Over 20,000 people died in one of the most relentless and savage cyclone seasons on record.
In 1960, North India, Pakistan and Bangladesh were pounded by five cyclonic storms, two of which were severe, causing what today would be the equivalent of around £150million in damage.
In total, 15 weather depressions formed – the foundations for a cyclone – with those that did develop going on to pound the Bay of Bengal.
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The two worst storms came one after another.
Storm number nine blew in from across China and South Vietnam and was classified as a severe cyclonic storm on October 9 of that year, seeing winds peak at around 95mph.
After crossing the land it began to direct towards East Pakistan – here it caused its most catastrophic damage.
A 19ft tidal wave clattered the land, devastating communication systems and preventing officials from finding out how bad the situation was and arranging a sufficient response.
It destroyed around 35,000 homes and on Ramgati Island claimed the lives of 3,500 people, destroying around 95% of the structures on it.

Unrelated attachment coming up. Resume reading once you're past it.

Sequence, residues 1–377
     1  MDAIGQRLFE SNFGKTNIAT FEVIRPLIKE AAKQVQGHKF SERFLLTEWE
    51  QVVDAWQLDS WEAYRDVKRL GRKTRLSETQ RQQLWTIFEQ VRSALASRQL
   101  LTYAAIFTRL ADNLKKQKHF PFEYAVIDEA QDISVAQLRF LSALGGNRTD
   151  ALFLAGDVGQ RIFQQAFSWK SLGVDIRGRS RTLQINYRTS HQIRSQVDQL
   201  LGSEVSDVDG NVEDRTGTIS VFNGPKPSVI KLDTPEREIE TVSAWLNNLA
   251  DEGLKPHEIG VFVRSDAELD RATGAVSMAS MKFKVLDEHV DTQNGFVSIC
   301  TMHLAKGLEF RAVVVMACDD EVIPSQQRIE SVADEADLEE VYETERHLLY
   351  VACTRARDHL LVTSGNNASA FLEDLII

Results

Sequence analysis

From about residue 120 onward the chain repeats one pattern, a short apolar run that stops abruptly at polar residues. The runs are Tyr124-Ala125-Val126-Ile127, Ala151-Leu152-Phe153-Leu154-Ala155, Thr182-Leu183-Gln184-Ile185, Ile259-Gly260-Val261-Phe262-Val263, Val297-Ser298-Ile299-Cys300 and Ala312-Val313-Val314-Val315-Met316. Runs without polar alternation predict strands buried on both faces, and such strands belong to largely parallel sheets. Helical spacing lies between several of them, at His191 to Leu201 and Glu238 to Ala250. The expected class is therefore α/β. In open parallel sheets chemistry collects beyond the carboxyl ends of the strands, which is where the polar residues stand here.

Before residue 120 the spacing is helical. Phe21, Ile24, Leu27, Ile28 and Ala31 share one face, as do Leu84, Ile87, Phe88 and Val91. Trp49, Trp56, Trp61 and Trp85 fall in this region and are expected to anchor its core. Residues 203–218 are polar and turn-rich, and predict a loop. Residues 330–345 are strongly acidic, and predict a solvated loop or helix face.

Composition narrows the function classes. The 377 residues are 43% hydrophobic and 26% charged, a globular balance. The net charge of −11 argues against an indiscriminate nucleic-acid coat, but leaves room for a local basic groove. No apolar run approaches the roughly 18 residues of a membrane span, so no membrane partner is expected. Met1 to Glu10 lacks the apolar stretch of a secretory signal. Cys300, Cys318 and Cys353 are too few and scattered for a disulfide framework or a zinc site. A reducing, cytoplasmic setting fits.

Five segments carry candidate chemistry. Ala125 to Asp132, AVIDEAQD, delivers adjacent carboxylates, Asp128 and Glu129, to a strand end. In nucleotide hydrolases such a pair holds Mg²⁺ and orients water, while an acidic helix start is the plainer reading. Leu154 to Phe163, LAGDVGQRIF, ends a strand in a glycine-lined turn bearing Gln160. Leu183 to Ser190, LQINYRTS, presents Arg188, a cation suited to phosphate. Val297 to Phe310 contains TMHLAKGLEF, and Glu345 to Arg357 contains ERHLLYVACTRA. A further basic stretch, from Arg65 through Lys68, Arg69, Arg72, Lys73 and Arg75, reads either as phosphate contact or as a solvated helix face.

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In total, the cyclone killed around 6,000 people – but the worst was yet to come, and only less than a month later.
The most destructive and deadly of the depressions is known as number 10, which saw winds upwards of 90mph that battered the land on October 26, with some estimates claiming speeds reached 135mph.
It smashed into East Pakistan, just three weeks after the previous storm had caused devastation in the country.
It produced a 20ft high storm tide that swamped inland 10 miles causing mass devastation.
After the surge, a series of tidal waves went on to batter the land with some offshore waves thought to have reached heights of 40ft.
The city ofChittagongwas one of the hardest hit areas – it was inundated with 10ft of water, the city’s port was destroyed with all the boats there washed ashore. Some were found 10 miles inland.
Sandwip Island had some winds claimed to be as fast as 150mph and saw buildings obliterated and scattered into the distance – some crops appeared ‘burnt’ because of the raw power and speed of the wind.
In this storm alone, 14,174 people were killed and 200,000 were left homeless.
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